One potential precedent is Iran. Western sanctions ban publishers from taking money from Iranian universities, but publishers can still publish research from Iranian scholars, so long as they screen it to make sure it can’t be used to, for example, help build a nuclear bomb.
But if publishers are banned from taking money from Russian universities, but still want to allow Russian researchers to use and view journals, then this could lead to the absurd situation of Russia publishing and accessing content for free while the rest of the world has to pay.
“Say we're going to accept the Russian content, but maybe the sanction says we can't charge. Is that the right ethical thing? Now we're going to give free publishing services?” said Sutton.
Another of the Ukrainian demands sounds technical, but is arguably just as important as access to journals. They want western publishers to stop indexing research published in Russia in scientometric databases.
These databases, like Elsevier-owned Scopus, and Web of Science, owned by the London-headquartered analytics firm Clarivate, contain vast quantities of citation data that are used as a measure of which academics, universities and countries are research leaders.
Crucially, this data underpins controversial, but reputationally critical global university rankings. The Times Higher Education (THE) university rankings, for example, are partly based on Elsevier’s Scopus database.
“This appears to me to be a demand to remove the data that enables Russian universities to be seen as prestigious,” said Lisa Hinchliffe, professor of information literacy services at the University of Illinois. “It removes them from certain league tables. Because if that work is removed, then the Russian rankings will fall dismally.”
This would be no minor setback for Russia. Rankings prestige has been at the heart of Russian higher education policy over the last decade. In 2013, president Vladimir Putin himself launched the ‘5 – 100’ project, an effort to propel five Russian universities into the top 100 by 2020.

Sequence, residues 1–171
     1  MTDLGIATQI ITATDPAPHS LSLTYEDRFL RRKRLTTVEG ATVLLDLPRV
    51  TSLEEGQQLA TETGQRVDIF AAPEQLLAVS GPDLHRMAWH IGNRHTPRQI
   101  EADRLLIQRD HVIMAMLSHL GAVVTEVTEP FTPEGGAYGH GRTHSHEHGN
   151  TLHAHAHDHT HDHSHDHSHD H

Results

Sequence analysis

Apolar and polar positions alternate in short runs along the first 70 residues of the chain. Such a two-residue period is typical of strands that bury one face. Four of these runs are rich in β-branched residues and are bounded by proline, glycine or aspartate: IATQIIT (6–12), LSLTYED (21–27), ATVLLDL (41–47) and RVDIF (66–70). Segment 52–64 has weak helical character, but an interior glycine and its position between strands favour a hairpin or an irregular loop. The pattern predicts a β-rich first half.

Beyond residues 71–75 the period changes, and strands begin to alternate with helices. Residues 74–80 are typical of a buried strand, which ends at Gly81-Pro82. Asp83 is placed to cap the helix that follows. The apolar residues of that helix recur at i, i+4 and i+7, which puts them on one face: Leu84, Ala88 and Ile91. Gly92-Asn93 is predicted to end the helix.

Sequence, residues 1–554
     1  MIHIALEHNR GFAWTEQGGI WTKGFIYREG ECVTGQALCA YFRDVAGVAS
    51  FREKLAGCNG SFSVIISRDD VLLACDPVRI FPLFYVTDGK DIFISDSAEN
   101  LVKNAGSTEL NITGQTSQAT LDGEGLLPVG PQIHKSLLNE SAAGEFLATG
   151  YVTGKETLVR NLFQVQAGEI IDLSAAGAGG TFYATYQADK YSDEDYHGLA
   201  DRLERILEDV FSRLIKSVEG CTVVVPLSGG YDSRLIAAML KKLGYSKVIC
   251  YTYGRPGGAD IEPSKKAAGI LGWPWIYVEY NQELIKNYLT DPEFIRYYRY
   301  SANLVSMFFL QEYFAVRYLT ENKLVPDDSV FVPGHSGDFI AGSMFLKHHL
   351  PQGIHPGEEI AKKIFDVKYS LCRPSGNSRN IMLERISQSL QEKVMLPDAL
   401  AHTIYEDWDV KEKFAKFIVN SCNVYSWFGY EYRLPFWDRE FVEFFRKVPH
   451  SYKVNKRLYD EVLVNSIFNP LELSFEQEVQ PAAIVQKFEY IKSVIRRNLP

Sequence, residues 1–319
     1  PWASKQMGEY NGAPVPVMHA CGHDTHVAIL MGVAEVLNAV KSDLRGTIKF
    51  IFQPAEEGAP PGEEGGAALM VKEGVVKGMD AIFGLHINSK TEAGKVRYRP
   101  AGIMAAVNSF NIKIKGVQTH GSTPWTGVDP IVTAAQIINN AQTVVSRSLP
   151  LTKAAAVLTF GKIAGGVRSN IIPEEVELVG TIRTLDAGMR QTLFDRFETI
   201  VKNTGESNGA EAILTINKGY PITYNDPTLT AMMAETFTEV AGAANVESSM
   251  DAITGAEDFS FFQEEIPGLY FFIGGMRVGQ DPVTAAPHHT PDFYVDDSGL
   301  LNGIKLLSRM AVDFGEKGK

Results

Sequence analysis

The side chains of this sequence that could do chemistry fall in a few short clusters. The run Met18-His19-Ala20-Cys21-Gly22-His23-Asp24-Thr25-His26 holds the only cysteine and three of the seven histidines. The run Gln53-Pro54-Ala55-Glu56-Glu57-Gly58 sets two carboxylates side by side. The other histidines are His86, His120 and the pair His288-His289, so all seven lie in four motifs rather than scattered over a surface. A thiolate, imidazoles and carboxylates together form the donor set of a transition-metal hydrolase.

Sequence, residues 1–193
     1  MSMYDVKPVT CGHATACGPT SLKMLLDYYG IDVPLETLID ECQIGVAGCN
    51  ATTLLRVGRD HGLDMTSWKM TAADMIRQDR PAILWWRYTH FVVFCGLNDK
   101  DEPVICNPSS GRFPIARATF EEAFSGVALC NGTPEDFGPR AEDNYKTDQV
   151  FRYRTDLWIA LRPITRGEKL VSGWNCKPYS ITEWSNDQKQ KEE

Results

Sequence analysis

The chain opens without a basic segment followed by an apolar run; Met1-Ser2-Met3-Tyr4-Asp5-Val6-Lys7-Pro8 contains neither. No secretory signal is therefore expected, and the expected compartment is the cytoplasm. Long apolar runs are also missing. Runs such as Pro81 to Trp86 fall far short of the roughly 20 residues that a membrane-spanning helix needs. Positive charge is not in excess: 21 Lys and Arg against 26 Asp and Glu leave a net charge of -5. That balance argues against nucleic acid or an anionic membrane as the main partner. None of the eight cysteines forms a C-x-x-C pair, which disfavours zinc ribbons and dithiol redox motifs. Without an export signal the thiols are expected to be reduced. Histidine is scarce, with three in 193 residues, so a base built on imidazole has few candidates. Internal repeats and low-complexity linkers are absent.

The project has utterly failed; according to the THE’s latest rankings, not a single Russian institution is in the top 100.
Ukraine’s government has also directly written to rankings organisations to demand they exclude Russian universities.
The rankers themselves are divided on how to respond to the invasion. One of the major ranking firms QS, has said it will “redact” Russian and Belarusian universities from new rankings, while THE said it will leave Russian universities in.
The logic, explained THE in a statement, is that the invasion is likely to weaken Russian universities. “As such, we will allow the rankings to do what they are designed to do, and show the world the impact of those decisions,” THE said.
“Publishers and the data firms that control key world university rankings (THE, QS) are global services firms, and we've seen enormous pressure on services firms, from retail, to financial, to transport, to isolate Russia given its brazen attack on the Ukraine,” said Kris Olds, an expert on higher education service companies at the University of Wisconsin-Madison. Either these companies need to act, or disclose a detailed rationale for inaction, he believes.
Clarivate has suspended the evaluation of new journals in Russia and Belarus for indexing in Web of Science, said a spokeswoman. But it is still continuing to discuss its response with academic partners, she stressed.
Even if Western publishers and rankers are hesitant to cut Russia off, Moscow appears to be moving away from international journals regardless.
On March 7, the government said it plans to abolish requirements for Russian scientists to publish in international journals indexed in Scopus or Web of Science. Instead, the Ministry of Education and Science would urgently “introduce its own system for assessing the effectiveness of scientific research,” according to Russia’s Tass news agency.
“We see Russia saying, okay, we're going to develop our own [scientometric system],” said Hinchliffe. “Which might work internally, but it seems highly unlikely that the globe, like THE would adopt a Russian system in place of […] Elsevier.”